For those of you who think it’s still too soon to plan for Christmas, the pride of Mabou, Nova Scotia, Jimmy Rankin is out to inject some festive spirit as he is currently active on a 29-date Canadian tour with a set list that features, new songs from a forthcoming record (set for next spring), some old favourites and some Christmas songs he recorded last December on his Tinsel Town release.
“The set list starts out as a mixture of my old and new songs but as I get nearer to Christmas, I’ll start changing the set to focus more on my Christmas record,” noted Rankin who had just flown in from Nashville where he and his family now spend most of the year. “I had resisted doing Christmas tours in the past but I know my sister Heather has done them before and of course (fellow Cape Bretoner) Rita MacNeil did them a lot, so now that I have kids, it’s fun to do something Christmassy.”
Rankin had resisted recording a Christmas album because he felt most of the established, traditional songs were pretty good as they are yet he wanted to record some new tracks.
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“It’s pretty tough to beat songs like `White Christmas’, `Winter Wonderland’ and `Jingle Bell Rock’, they are all very well written songs that have lasted the test of time,” noted Rankin. “But I wrote one song last year `Tinsel Town’ that was featured on a TV special which got me writing more songs. I eventually finished with six new songs on the Tinsel Town record along with some of my favourites. I am proud that I think my songs stack up well against the originals.”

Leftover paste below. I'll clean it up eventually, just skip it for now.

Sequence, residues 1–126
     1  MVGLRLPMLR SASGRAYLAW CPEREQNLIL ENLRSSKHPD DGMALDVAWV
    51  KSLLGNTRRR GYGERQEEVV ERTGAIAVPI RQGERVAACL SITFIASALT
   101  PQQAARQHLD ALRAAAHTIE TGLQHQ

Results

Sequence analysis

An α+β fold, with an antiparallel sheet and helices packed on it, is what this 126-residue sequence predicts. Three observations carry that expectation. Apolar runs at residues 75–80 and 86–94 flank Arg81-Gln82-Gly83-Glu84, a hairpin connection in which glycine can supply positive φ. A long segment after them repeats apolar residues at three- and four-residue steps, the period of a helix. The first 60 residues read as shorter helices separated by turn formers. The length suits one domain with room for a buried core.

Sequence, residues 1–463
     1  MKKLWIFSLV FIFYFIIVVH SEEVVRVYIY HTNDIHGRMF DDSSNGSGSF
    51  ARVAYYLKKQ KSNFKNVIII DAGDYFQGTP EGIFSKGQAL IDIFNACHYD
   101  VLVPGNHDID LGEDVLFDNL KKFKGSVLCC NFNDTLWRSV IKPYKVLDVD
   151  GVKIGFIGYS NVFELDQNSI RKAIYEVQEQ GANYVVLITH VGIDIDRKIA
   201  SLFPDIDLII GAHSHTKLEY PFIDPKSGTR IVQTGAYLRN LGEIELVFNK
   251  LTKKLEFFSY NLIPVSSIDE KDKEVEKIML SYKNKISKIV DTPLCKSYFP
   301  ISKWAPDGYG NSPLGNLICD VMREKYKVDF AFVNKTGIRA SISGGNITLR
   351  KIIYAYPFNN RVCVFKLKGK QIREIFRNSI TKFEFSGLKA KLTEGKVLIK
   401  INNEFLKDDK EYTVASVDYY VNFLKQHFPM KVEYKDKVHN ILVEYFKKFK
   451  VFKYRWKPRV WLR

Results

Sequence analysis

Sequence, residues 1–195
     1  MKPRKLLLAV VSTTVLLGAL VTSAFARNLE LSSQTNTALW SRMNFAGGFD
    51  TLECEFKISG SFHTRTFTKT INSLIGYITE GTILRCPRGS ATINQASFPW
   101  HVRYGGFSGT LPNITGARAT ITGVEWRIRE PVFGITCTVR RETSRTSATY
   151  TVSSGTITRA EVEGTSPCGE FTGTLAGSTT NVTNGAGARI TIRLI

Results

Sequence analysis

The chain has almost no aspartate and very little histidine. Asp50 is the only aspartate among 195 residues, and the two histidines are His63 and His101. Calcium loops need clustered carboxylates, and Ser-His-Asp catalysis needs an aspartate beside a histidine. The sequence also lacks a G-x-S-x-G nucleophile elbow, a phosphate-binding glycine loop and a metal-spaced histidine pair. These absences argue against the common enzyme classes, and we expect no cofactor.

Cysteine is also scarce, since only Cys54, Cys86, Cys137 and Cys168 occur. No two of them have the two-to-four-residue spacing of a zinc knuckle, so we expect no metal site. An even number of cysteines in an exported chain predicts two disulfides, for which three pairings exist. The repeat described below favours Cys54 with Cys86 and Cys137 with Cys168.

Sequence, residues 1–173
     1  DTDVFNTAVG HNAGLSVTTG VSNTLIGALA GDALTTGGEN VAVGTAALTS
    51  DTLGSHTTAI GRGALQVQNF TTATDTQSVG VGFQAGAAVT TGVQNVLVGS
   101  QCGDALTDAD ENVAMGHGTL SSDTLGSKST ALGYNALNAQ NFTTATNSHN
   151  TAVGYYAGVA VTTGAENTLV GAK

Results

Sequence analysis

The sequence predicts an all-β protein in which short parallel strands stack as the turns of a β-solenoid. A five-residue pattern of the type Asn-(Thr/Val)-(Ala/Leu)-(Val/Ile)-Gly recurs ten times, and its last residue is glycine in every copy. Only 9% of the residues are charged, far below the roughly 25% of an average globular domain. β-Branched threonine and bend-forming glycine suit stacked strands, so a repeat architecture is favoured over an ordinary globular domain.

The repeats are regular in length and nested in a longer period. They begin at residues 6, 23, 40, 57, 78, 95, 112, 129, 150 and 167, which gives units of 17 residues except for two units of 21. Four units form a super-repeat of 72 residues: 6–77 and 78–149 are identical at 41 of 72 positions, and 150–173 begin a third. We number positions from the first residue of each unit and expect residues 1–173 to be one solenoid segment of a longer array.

Set to hit a lot of secondary markets along the Trans-Canada Highway ( see Concert Connection for full touring details) and braving the elements in a van rather than a tour bus, Rankin feels that November and December are a fun time to hit the road. “It’s great to get everyone in a holiday spirit,” he declares. “It’s a good reason to play these venues and it allows me to work on my new material as well“.
Jimmy is probably better known for being one-fifth of The Rankin Family musical group; himself, brother John-Morris and sisters Heather, Raylene and Cookie comprised the line-up which soared to stardom on the strength of EMI-Capitol Canada’s re-release of their “Fare Thee Well” album which topped the Canadian charts in 1992. Parents Alexander and Kathleen Rankin actually produced 12 musically gifted children and three others; Geraldine, Genevieve and David had helped initiate the band with Raylene and Jon Morris before handing over the reins to Jimmy, Cookie and Heather.
“It’s funny how people in the industry talk about selling records independently on Amazon and ITunes when that’ exactly how we started out in the late 1980’s noted Rankin. “Of course there was no Amazon and ITunes at that time but we were doing quite well on our own selling our first two records (“The Rankin Family” and “Fare Thee Well Love” locally by ourselves.”